I am grateful to Dr Charles Heatley for pointing out that Space for Cycling was the event for which much of the city centre was closed on Wednesday July 18.
That certainly sounds a worthy cause, although I’m at a loss to understand how closing roads to traffic can help cyclists to learn how to be safe in traffic, nor why the safety training could not be done on a Sunday.
My concern about the closures was not for motorists but for the many pedestrians I saw struggling through barriers and having to go well out of their way because of bus diversions and suspended bus stops, hardly ideal for older people and those with limited mobility.
I have no problem at all with cyclists, (except for the increasing minority who cycle on the pavements).
Indeed, I was most alarmed to read that Dr Heatley himself does not feel safe cycling on our roads because of the behaviour of motorists.
I think he may agree with me that it is high time to impose some meaningful restrictions on the number of cars allowed into the city centre.
Confusion and chaos
For many, discussions of how the financial services sector is likely to be hit by a bad Brexit deal may sound like a very London-centric problem, but a new report by the Centre for Cities shows this to be far from the case.
The report shows that in 2017, up to 7.3% of all jobs in Sheffield were in financial services. Much of the trade these services do is with the EU, and a poor Brexit deal will put these jobs at risk; far from affecting just London, a Brexit deal that doesn’t include frictionless access to the EU market for financial services will impact us all.
That’s why the Liberal Democrats are committed to giving the people – not politicians – the final say on the Brexit deal, including the option to remain in the EU. Everyone can see the Conservatives are making a mess of Brexit, and Jeremy Corbyn is helping to deliver it. It is taking longer than we thought; costing more than we thought; it’s more complicated than we thought. In all this confusion and chaos, what else don’t we know?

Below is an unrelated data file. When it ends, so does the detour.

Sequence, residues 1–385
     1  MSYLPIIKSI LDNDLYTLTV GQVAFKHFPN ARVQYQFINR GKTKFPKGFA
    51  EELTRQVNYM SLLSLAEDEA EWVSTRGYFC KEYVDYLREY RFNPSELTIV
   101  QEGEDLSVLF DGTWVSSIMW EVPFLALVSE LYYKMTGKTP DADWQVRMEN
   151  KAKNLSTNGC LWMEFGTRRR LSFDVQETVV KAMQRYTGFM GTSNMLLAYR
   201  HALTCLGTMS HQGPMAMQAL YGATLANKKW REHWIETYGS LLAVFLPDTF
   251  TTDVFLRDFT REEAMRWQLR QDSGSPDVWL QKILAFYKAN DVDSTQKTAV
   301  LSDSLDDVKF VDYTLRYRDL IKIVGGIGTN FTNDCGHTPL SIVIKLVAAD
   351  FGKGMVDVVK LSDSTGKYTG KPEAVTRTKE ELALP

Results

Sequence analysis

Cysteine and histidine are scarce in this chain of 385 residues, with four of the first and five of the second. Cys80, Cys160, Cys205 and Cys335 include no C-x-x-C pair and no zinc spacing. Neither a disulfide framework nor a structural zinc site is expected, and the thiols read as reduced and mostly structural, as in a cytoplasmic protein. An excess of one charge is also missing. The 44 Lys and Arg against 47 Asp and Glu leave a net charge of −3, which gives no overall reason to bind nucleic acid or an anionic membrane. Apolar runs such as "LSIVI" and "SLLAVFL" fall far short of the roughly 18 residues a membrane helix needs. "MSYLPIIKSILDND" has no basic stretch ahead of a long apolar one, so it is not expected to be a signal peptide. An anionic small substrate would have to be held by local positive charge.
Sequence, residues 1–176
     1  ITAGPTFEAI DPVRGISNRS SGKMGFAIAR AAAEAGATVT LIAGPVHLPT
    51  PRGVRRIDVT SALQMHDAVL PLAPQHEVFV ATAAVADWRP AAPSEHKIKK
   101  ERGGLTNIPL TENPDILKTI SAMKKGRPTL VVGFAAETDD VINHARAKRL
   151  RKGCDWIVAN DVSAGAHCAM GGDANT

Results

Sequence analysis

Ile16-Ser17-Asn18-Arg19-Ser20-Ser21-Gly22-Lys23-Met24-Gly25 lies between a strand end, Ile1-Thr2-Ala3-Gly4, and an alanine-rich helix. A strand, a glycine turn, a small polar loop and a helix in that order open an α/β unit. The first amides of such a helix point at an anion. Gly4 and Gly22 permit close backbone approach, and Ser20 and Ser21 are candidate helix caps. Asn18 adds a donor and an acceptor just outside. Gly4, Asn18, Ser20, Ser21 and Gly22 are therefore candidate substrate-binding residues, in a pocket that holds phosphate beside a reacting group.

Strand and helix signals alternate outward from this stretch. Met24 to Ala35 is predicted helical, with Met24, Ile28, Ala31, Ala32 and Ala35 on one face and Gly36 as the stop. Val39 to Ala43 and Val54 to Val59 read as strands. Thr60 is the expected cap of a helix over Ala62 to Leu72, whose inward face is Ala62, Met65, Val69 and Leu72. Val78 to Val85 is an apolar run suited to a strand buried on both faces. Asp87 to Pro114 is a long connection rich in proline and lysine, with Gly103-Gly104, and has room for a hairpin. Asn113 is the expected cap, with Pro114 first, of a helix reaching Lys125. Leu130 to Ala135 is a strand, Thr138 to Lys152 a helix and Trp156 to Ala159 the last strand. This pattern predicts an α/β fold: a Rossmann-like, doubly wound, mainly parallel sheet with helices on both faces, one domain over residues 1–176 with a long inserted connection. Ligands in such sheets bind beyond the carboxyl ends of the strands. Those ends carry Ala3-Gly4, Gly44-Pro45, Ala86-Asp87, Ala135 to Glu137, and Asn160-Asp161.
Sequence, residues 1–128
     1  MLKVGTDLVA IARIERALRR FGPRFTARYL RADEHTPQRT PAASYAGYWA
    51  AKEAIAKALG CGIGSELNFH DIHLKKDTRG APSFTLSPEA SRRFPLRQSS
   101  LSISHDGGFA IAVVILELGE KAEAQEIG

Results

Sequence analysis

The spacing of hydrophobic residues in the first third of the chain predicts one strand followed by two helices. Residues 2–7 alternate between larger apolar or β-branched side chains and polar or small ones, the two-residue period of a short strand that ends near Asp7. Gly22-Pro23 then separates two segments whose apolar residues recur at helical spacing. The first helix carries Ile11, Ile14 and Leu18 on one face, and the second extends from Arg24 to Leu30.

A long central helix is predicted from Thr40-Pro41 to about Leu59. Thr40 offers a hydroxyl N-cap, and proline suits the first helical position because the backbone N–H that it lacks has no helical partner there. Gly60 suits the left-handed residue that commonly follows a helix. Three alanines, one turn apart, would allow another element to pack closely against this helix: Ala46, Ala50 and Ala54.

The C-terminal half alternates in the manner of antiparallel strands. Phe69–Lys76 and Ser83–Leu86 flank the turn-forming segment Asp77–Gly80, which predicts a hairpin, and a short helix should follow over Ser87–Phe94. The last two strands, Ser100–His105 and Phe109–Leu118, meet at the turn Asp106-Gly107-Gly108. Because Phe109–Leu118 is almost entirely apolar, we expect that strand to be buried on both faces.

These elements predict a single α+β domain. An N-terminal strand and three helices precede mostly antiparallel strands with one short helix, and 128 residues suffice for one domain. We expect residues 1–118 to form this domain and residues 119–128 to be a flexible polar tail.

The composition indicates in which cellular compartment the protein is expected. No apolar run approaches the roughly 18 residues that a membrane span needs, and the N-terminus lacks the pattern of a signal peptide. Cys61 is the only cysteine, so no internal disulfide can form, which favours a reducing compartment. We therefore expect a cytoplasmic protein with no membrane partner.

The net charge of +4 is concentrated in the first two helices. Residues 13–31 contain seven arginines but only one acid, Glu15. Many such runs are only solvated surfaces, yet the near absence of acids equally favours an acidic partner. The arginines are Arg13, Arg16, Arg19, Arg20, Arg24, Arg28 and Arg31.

Tom Brake MP
Liberal Democrat Spokesperson on Exiting the European Union
Well it looks as though I may have got it wrong in assuming that Howard Greaves and the Hallamshire Historic society have not championed the retention of the Markets area in the traditional trading places.
For that Howard I apologise unreservedly as it seems as that the blame may lay among others who find rubble more interesting than living breathing every day history.
Although I disagree with Howard’s comments on the architectural merits of the now murdered Castle Market, as that building’s interior was a perfect example of 1950s 1960s design with the lovely terrazzo floors, stairs and passage ways. This, along with the tiling areas and sculptured hardwood handrails make the new shopping mall, or Moor Market, depending on how you look at it seem like an expensive (sixty years loan) Nissan Hut.
So once again sorry Howard as it seems as though we both agree that the loss of that area is a disaster unsurpassed in Town Planning.
I have to fully agree with Linda Mary Luke who was brought up on the Wybourn estate but now lives in Germany.
She has got it absolutely right.
I wasn’t brought up there but went to school with girls from the area and everybody worked hard and looked out for one another.
Now that Sheffield is a City of Sanctuary, thanks to David Blunkett and his cronies, the city is full of drug dealers, muggers and many other criminals and it will only get worse.
I wonder what Linda thinks of the Lord Mayor!
A lot has been said recently about anti-Jewish sentiment in the Labour Party and elsewhere.
I feel that all of this is unjustified.
Jesus never renounced his Jewish background, asserting that he didn’t come to destroy the law but to fulfil it.
Even though the Jews rejected him, Jesus never stopped loving them.
“Father, forgive them, for they know not what they do.”
Would Jesus have approved of hatred towards the Jewish community?
I say this as someone who has no religious affiliation.
John C Fowler
Leverton Gardens, S11
The price of popcorn
My lad loves going to the pictures, the new one in town is very swanky and we have been a lot, but I find the pricing for the popcorn and drinks very high.
Yes I know, don’t buy them if you think they are dear but it’s all part of the experience isn’t it?
When I were a lass back in the olden days when you went on the rare occasion to see a new film you could hear the very discreet opening of the cans of pop, the crinkling of the crisp packets, then shush from your mum as she didn’t want people to know that you had brought contraband inside.
Not now though this week in the flicks all around was various can rings being pulled, family sized crisps being opened, rustlings from all sorts of bags of treats, it’s no wonder when a drink and popcorn will set you back nearly nine quid. It’s cheaper to buy the dvd these days than take a family to the cinema.
There is only one way to stop people smoking in bus and tram shelters, that is remove the shelters, problem solved.